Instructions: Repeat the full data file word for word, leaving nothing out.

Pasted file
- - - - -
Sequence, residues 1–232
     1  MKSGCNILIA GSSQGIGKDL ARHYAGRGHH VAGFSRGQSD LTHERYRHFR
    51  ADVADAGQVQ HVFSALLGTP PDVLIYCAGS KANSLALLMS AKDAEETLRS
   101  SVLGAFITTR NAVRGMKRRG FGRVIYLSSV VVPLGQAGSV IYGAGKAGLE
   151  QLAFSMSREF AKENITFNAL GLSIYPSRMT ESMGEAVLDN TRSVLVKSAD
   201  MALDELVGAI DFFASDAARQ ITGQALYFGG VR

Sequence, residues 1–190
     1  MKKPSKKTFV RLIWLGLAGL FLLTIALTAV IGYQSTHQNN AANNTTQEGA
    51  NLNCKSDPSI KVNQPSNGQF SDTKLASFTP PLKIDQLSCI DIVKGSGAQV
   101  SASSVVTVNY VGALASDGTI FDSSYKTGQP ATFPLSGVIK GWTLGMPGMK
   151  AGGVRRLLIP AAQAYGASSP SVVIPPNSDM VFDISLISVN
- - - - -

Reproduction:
Sequence, residues 1–232
     1  MKSGCNILIA GSSQGIGKDL ARHYAGRGHH VAGFSRGQSD LTHERYRHFR
    51  ADVADAGQVQ HVFSALLGTP PDVLIYCAGS KANSLALLMS AKDAEETLRS
   101  SVLGAFITTR NAVRGMKRRG FGRVIYLSSV VVPLGQAGSV IYGAGKAGLE
   151  QLAFSMSREF AKENITFNAL GLSIYPSRMT ESMGEAVLDN TRSVLVKSAD
   201  MALDELVGAI DFFASDAARQ ITGQALYFGG VR

Sequence, residues 1–190
     1  MKKPSKKTFV RLIWLGLAGL FLLTIALTAV IGYQSTHQNN AANNTTQEGA
    51  NLNCKSDPSI KVNQPSNGQF SDTKLASFTP PLKIDQLSCI DIVKGSGAQV
   101  SASSVVTVNY VGALASDGTI FDSSYKTGQP ATFPLSGVIK GWTLGMPGMK
   151  AGGVRRLLIP AAQAYGASSP SVVIPPNSDM VFDISLISVN